The aim of this article is to analyse and describe the 2020 Afrikaans translation of the Bible as a retranslation in the historical context of previous Bible translations in Afrikaans. The earliest attempts to translate the Bible into Afrikaans started with the attempts of the Bible Translation Movement (1872-1911). This attempt failed, because the dominant Dutch language and the Statenvertaling were preferred to the dominated Afrikaans "dialect". The second attempt followed from the initiative of the churches (1916-1923) as part of the Afrikaans language movement after the Anglo-Boer War (1899-1902). Because of the interference of the Dutch from the Statenvertaling during a time when the Afrikaans language became important to Afrikaner identity, the translation of the Gospels and the Psalms into Afrikaans (1922) failed. The first complete translation of the Bible into Afrikaans, a word-for-word or literal translation, was published in 1933 and a revised version in 1953. The 1933/1953 Afrikaans translation of the Bible forms part of the great age of Bible translations ushered in by the Protestant Reformation; this era lasted up to 1960, when the field of Translation Studies was established. The use of the same Hebrew and Greek source texts used for the Statenvertaling lent authority to this translation and it eventually replaced the Statenvertaling in the Afrikaansspeaking community. The next translation was a retranslation. The term "retranslation" in this article refers to multiple translations of a source text, which may vary, into one language, which is also not a stable variable. Revision (editing, correcting, modernisation) of an existing translation for re-publication is not seen as retranslation, but may lead to retranslation. Under the influence of Eugene Nida a retranslation of the complete Bible in Afrikaans followed, namely a dynamic equivalent translation in 1983. As a dynamic equivalent translation the 1983 translation of the Bible in Afrikaans was part of the first generation of translations that began a great new age in Bible translation. In 2007 Die Bybel vir Dowes (The Bible for the Deaf), which was also published as Die Bybel vir Almal (The Bible for All), and a number of commercial translations reflect the tendency to provide simplified versions for specific purposes, calledfunctionalist translations according to Nord (1997). Simplified versions form part of the second-generation translations of the great new age of Bible translations of the second half of the twentieth century. The next complete Bible translation in Afrikaans will be published in 2020 and will form part of Bible translations such as The Schocken Bible (1995, 2014), The Common English Bible (CEB) (2011) and The Hebrew Bible (2019), which introduced the next generation of Bible translations. As early as 1997 some Afrikaans churches requested the Bible Society of South Africa to produce a new translation in a more formal register that would be suitable for liturgical use and reflect the source texts in a formal equivalent way that would be more suitable for serious readers and Bible study groups. After intensive academic/scholarly research and market surveys, it was decided on 25 October 2004 to proceed with such a translation. The translation approach was what Nord (1991, 1997) termed functionalist. The translation brief was to produce a source-textoriented translation of the Hebrew and Greek source texts that renders meaning and culture directly into contemporary Afrikaans using a simplified version of the model proposed by Gutt (2000). The translation process started during 2006 and went through five phases. More than 142 co-workers from 26 Afrikaans denominations contributed to the translation process. The last meeting was held on 2 May 2019 and the translation was handed to the BSA on 1 July 2019 for publication. This article, using mainly Mona Baker's narrative frame theory, analyses and describes the translation as a retranslation. Any new translation constructs a representation of the alterity (otherness) of a foreign text and culture, which representation at the same time relates to intelligibility and to ideology. One should not evaluate a translation normatively but rather describe or narrate its linguistically inscribed preferences in the choice and construction of discourses. The 2020 translation is analysed and explained with respect to the way particular sociohistorical, sociocultural, and translational frames may have influenced the translation. The organisational frame deals with issues such as the context of the translation, its source texts, the translation team, the translation process and product, and the possible sociocultural impact of the translation. By using metatexts/paratexts to explain and make accessible the otherness of the source text culture to readers, the translation prevents reductionism with emphasis either on form (as in the 1933 translation) or on meaning (as in the case of the 1983 translation). The 2020 translation is a response to the indigenising strategies of the 1983 translation, while incorporating many of its cultural concepts metatextually in footnotes and an extensive word list. For those individuals and Afrikaansspeaking denominations that rejected the 1983 translation, the 2020 translation is in intertextual dialogue with the translation of 1933, representing the alterity of the incipient Hebrew and Greek texts, while pointing to the incipient cultural context in metatextual footnotes. In complexity thinking, which introduces the next generation of Bible translations, the otherness or alterity of the source culture is respected and retained, on the one hand, but, on the other hand, the translations are also made intelligible. The results of this study confirm Albachten and Gürgaglar's description (2019) of retranslation as a complex process involving a network approach that identifies historical and synchronic relations between texts, institutions or contexts, and agents. New forms of Bible translations emerge from semiotic processes as we move forward in time, so keeping the Bible alive. This is what the 2020 Afrikaans translation of the Bible wants to achieve: to discover new treasures, but also to preserve and to renew old treasures.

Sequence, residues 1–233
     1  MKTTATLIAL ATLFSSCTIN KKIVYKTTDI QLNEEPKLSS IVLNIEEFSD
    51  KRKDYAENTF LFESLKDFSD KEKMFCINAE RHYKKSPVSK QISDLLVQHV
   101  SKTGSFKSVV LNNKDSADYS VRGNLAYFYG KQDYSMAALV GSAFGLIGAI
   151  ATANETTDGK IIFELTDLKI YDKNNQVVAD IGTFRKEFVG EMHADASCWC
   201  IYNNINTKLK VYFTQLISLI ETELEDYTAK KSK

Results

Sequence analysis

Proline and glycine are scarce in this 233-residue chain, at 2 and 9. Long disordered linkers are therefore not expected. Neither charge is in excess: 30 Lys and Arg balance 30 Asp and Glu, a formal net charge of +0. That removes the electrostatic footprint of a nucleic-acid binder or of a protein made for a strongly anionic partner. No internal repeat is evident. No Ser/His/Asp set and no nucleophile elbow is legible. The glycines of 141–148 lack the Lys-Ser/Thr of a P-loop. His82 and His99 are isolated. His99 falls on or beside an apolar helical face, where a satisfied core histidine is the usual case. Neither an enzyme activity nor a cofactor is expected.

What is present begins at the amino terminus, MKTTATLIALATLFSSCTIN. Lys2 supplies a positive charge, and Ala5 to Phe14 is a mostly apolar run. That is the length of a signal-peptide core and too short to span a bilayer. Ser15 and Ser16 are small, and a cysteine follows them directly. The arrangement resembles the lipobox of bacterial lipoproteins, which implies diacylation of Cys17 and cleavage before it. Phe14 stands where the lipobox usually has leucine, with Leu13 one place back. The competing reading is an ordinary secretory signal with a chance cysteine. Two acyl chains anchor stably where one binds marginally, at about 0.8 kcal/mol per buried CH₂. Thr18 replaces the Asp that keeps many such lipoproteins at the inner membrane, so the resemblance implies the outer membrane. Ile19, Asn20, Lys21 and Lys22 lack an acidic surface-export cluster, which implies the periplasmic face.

Palavras-chave : translation studies; narrative frame theory; Bible translation; Mona Baker; Eugene Nida; Christiane Nord; Ernst-August Gutt; word-for-word translation; literal translation; dynamic equivalent translation; functional translation; functionalist translation; direct translation; complexity; Afrikaans.